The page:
Carroll’s Yesteryears

10 November 1991

German influence evident in elements of Carroll culture

by Joe Getty

The European source region of Carroll County’s Germanic traditions is fertile ground to study the roots of our local heritage. Many elements of local culture, such as architecture, decorative arts, crafts traditions, and daily customs, have precedents in the European towns and villages from which our early settlers migrated.

Themes of local culture in Europe are interpreted in outdoor museums known as “Freilichtmuseums.” There are a number of “Open-air” museums in Germany that present the everyday life of earlier periods of history.

In the “open-air” museum facility, vernacular buildings are moved and reconstructed in a plan compatible with their original environment. Original features of the traditional rural buildings are kept intact and appropriate furnishings and agricultural equipment are installed to interpret the life styles and economic history of earlier generations.

In 1984, I had the opportunity to study the interpretation programs at several “open-air” museums in southwestern Germany and Switzerland. During the course of this tour, I saw a number of direct relationships between our local heritage and its Germanic origins.

For example, two recent articles in the “Carroll’s Yesteryears” series have presented the union church design in Westminster and Silver Run. At the “open-air” museum Hessenpark, located north of Frankfurt, there is a country church built with a similar plan to what was used in Carroll County.

The Hessenpark structure has a rectangular plan with the entrance and the altar located at the long sides of the building. There was a three-sided gallery facing the altar. While its timber-framed construction differs from churches in this region, the overall design is similar to churches found throughout northern Carroll.

The Black Forest Open Air Museum at Gutach, Germany, and the Swiss Open Air Museum at Ballenberg, Switzerland, provide excellent examples of regional architectural and decorative arts. The agricultural outbuildings provide a special view of domestic and farming traditions brought to this region.

At the Hohenlofer Open Air Museum at Wackershofen, Germany, there is an excellent example of a four square garden similar to those planted in the Pennsylvania German settled regions of Maryland. This design has a central circular bed with a rose bush in the center.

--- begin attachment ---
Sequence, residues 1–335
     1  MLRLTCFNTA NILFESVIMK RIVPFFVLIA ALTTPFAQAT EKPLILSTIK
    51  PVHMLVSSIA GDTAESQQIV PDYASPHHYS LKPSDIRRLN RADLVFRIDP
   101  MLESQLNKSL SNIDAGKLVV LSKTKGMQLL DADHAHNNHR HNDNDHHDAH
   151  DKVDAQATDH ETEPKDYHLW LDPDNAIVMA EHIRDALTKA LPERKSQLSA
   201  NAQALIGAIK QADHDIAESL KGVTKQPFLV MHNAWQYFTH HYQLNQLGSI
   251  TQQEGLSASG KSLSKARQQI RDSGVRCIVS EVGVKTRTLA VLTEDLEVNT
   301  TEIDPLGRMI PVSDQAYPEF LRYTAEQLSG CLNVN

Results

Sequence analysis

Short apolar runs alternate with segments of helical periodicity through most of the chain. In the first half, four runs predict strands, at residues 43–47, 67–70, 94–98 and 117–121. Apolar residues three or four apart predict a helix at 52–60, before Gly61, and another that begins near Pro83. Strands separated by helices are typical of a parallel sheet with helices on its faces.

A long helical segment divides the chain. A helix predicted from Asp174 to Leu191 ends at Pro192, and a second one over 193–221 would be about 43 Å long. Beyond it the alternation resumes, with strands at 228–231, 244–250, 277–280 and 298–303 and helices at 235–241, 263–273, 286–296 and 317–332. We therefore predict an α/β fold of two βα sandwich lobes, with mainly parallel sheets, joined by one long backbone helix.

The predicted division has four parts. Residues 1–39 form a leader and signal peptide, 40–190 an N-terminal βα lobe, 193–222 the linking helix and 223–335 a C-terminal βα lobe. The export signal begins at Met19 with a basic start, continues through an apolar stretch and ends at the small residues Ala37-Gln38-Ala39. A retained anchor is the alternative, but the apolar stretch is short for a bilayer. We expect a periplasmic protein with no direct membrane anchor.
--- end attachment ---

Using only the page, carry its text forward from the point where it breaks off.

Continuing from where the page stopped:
A domestic building at the Sobernheim Open Air Museum was most closely related to Pennsylvania German buildings that I have seen in Carroll. It was a stone house with a two-room plan built in 1800. The kitchen had features similar to local buildings, such as a large open hearth and paling type insulation in the ceiling.

The Roscheider House at the Konz Open Air Museum had an interesting feature in the stone sill of the kitchen window. It was an oversized stone that was carved out for a sink allowing an interior water disposal directly to the outside. Several years later, we uncovered a similar stone drain in floor of the kitchen as part of our restoration of the Sherman-Fisher-Shellman House in Westminster.

Cultural relationships such as these will be the focus of a “Cultural Heritage Tour of Germany and Switzerland” planned for September 1992. The tour leaders, Pastors Frederick Weiser and Larry Neff, will share their expertise about the history of the Pennsylvania German culture in America by touring the regions where these customs and traditions originated.

The public is invited to attend a preview presentation of this tour by Weiser on Thursday. This program will be in the Shriver-Weybright Auditorium, 210 East Main Street, Westminster at 7:30 p.m.

If you are unable to attend the preview, but would like to receive the proposed itinerary and reservation materials for the tour, please contact the Historical Society at 848-6494

Photo credit: Courtesy of the Historical Society of Carroll County

Photo caption: A Halloween party at Edgar Nusbaum’s house on High Street in New Windsor in the late 1920s.